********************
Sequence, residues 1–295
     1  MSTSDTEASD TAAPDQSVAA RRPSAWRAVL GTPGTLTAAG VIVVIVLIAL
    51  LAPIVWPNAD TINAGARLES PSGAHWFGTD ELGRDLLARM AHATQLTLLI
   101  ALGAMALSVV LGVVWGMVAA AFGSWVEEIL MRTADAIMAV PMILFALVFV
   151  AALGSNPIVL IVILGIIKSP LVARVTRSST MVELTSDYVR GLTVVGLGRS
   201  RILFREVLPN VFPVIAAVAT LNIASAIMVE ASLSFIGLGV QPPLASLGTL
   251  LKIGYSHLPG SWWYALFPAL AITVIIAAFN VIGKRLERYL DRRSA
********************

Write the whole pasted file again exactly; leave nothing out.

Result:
Sequence, residues 1–295
     1  MSTSDTEASD TAAPDQSVAA RRPSAWRAVL GTPGTLTAAG VIVVIVLIAL
    51  LAPIVWPNAD TINAGARLES PSGAHWFGTD ELGRDLLARM AHATQLTLLI
   101  ALGAMALSVV LGVVWGMVAA AFGSWVEEIL MRTADAIMAV PMILFALVFV
   151  AALGSNPIVL IVILGIIKSP LVARVTRSST MVELTSDYVR GLTVVGLGRS
   201  RILFREVLPN VFPVIAAVAT LNIASAIMVE ASLSFIGLGV QPPLASLGTL
   251  LKIGYSHLPG SWWYALFPAL AITVIIAAFN VIGKRLERYL DRRSA